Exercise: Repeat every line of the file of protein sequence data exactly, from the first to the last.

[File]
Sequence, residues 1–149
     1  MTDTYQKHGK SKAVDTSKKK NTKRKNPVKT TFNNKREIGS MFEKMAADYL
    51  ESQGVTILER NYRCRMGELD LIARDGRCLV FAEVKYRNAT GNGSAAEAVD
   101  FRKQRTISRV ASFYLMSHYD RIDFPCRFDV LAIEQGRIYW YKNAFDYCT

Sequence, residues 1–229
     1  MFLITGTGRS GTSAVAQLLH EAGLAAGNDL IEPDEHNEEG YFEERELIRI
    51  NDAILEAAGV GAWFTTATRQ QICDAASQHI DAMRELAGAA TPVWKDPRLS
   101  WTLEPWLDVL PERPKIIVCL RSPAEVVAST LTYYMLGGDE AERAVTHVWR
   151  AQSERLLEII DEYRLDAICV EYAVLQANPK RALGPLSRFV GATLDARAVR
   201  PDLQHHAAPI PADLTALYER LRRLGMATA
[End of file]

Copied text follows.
Sequence, residues 1–149
     1  MTDTYQKHGK SKAVDTSKKK NTKRKNPVKT TFNNKREIGS MFEKMAADYL
    51  ESQGVTILER NYRCRMGELD LIARDGRCLV FAEVKYRNAT GNGSAAEAVD
   101  FRKQRTISRV ASFYLMSHYD RIDFPCRFDV LAIEQGRIYW YKNAFDYCT

Sequence, residues 1–229
     1  MFLITGTGRS GTSAVAQLLH EAGLAAGNDL IEPDEHNEEG YFEERELIRI
    51  NDAILEAAGV GAWFTTATRQ QICDAASQHI DAMRELAGAA TPVWKDPRLS
   101  WTLEPWLDVL PERPKIIVCL RSPAEVVAST LTYYMLGGDE AERAVTHVWR
   151  AQSERLLEII DEYRLDAICV EYAVLQANPK RALGPLSRFV GATLDARAVR
   201  PDLQHHAAPI PADLTALYER LRRLGMATA